I’m using a shampoo bar 3-4 times a week to clarify my hair and remove build-up. Do you think this is too much?
I know shampoo bars are all the rage these days and, for natural clarification and removal of product build-up, you can’t beat them—anything is preferable to using harsh sulfates. I do, however, have a few concerns about possible overuse of this product.
Shampoo bars typically range from 8 to 10 on the pH scale, meaning they are quite alkaline. Alkaline substances will open up the hair shaft, allowing the cleansers to penetrate within the hair shaft to remove build-up. That, in itself, is not necessarily a bad thing: however, it is important to remember that you are stripping your acid mantle every time you cleanse with these bars.
The acid mantle is the very fine, slightly acidic film on the scalp that acts as a barrier to keep bacteria, viruses and other contaminants or chemicals rom penetrating the scalp. As an example: One of the reasons that you are instructed to color your hair when it is “dirty” instead of freshly washed is not because the
color will take better on the hair shaft—it is so your acid mantle is intact and will prevent the chemical color from penetrating your scalp.
So if you are over-cleansing with shampoo bars, you are interfering with the natural acid mantle function and leaving a very vulnerable part of yourself exposed. Your acid mantle is there for a reason and it needs to remain undisturbed as much as possible so it can do its job to keep you healthy.
Also, with the nature of these bars, you must follow with some type of a vinegar rinse, usually apple cider vinegar (ACV), which can cause its own issues from overuse. See the question below for more information on ACV rinses.
I personally think using shampoo bars is a great idea, but that using them once a month is more than sufficient to keep the hair and scalp clean, healthy and beautiful.
I do an apple cider vinegar rinse two or three times each week and love the way it makes my hair feel. Is there a rule of thumb on how often I can do this without damaging my hair?
You need to bear in mind that apple cider vinegar (ACV) is an acid—over 100 times more acidic than your hair—and it needs to be respected as such. Acids can and will start to degrade your hair shaft with overuse, so you must be cautious and pay strict attention to your hair’s reaction to frequent ACV rinse use.
Depending on your hair texture and porosity, you may be able to support a greater amount/frequency of usage than others can, but you must be careful to judge yours accordingly. If you are doing frequent ACV rinses and are seeing positive results, then your dilution ratio is most likely suited to your hair type.
If, however, you begin to notice degradation in your hair shaft—breakage, frayed ends, dryness, brittleness, or more porous hair—then you need to revisit your proportions and make adjustments accordingly.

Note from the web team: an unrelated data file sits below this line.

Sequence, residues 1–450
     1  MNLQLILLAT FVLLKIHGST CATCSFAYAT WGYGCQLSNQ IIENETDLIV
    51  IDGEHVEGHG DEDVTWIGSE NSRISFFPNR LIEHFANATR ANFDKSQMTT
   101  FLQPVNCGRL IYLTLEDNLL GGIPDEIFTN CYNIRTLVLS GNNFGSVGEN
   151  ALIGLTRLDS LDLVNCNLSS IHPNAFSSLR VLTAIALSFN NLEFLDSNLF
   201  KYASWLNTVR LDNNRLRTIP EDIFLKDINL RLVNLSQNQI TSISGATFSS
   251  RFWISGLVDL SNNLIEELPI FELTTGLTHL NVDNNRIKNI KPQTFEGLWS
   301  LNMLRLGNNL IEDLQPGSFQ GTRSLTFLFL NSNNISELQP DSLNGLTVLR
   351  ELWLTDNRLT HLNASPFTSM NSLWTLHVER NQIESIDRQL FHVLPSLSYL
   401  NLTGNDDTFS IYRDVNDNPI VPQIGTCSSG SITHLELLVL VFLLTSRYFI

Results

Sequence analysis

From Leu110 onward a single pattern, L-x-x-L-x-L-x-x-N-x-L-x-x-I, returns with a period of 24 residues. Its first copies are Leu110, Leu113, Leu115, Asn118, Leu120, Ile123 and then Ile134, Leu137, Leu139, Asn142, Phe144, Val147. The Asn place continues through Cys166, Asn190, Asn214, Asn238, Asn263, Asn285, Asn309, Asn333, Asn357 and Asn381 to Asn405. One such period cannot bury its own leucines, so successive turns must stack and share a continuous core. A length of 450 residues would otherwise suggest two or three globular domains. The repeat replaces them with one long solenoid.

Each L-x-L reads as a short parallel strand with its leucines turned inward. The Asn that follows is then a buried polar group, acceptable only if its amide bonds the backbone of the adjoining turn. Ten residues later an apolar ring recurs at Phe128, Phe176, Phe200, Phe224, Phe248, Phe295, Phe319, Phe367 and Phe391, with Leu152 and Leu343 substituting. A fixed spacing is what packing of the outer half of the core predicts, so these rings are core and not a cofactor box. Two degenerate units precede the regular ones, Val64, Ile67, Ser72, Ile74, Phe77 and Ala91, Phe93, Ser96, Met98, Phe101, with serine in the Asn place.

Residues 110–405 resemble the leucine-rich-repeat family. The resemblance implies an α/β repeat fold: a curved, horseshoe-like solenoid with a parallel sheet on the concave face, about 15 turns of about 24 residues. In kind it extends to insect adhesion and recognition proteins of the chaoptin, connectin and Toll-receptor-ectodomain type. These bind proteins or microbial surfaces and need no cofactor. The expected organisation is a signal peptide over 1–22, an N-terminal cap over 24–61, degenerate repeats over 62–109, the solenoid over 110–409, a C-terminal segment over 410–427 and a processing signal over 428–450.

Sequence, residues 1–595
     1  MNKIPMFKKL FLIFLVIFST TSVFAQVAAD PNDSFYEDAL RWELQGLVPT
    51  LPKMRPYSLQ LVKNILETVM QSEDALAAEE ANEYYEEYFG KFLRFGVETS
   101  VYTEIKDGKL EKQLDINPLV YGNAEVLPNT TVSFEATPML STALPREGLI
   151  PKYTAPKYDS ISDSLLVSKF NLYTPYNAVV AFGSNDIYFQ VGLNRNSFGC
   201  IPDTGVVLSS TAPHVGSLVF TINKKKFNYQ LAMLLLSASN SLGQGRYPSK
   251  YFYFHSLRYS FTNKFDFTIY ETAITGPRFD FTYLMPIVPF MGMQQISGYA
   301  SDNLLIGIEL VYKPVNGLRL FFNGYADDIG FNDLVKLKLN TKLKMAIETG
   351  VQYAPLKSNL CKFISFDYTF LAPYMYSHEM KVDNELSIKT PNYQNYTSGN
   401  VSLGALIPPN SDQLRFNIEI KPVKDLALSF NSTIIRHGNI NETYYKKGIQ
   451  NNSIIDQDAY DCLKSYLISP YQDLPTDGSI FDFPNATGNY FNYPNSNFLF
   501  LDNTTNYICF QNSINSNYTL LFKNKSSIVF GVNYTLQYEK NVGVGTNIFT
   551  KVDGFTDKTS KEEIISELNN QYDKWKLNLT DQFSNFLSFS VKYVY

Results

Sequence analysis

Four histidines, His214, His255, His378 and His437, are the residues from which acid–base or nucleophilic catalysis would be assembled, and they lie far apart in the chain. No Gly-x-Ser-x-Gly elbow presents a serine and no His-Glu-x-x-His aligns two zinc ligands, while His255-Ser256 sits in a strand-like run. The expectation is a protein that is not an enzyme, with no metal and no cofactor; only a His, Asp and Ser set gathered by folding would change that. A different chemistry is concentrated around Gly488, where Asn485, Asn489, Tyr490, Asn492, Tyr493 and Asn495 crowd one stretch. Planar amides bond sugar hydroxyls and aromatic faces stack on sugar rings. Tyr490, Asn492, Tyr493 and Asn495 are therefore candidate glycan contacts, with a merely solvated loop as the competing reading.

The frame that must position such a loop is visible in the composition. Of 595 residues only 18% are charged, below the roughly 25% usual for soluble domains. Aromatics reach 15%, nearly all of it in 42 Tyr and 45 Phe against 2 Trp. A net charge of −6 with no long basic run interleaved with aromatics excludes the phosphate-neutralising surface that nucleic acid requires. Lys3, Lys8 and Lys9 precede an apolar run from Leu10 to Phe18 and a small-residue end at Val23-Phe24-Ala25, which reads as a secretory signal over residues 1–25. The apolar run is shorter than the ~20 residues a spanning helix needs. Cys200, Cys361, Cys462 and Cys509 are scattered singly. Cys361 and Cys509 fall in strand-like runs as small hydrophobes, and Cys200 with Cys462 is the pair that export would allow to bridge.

What is an acidifying product?
An acidifying product is one that lowers the pH of the hair and brings it back into an appropriately balanced range. Look for citric acid or ascorbic acid on the product label as an indication acidifying product ingredients have been included in the formulation. Conversely, be cautious with products that include TEA (Triethanolamine) or sodium hydroxide, which are both alkalizing agents and will raise the pH of the product.
You can also “balance” your own conditioner by adding a small drop of apple cider vinegar or lemon juice for each tablespoon of conditioner (do not premix, as the solution can go rancid even if the product already contains preservatives). Don’t go overboard—you want to lower the pH of the product to an appropriate range, not make it so acidic that it begins to dry the hair shaft.
I see so many different types of proteins listed on product ingredient labels—what are the differences between them and how will I know when to use what type?
Any protein that is animal-based or that has the prefix “hydrolyzed” in front of it is a stronger protein; those such as natural “wheat” or “soy” are the proteins that are lighter. “Keratin” is the natural protein from which your hair is made.
Your hair’s condition and texture is a great baseline to determine how much protein you need. If you want to add protein simply because you have a fine texture and you need the extra support, a light protein treatment is fine. If, however, you have damage from sun, chlorine or chemical processes, a heavier protein reconstruction will then be necessary for any real effectiveness.
Curly hair often looks dull and doesn’t reflect the light as well as straight hair does; additionally, permanent color doesn’t seem to last as long. Are color glazes helpful in adding shine and preventing permanent color from fading prematurely? And how are they different from permanent color?
I love color glazes and use them often in my own color work. They add a beautiful dimension to permanent color: for example, in the winter, I apply a clear glaze over my dark espresso color which gives my hair enormous depth and shine; in warmer weather, I like to mix a bit of a burgundy cherry color with the clear for a more “summery” look.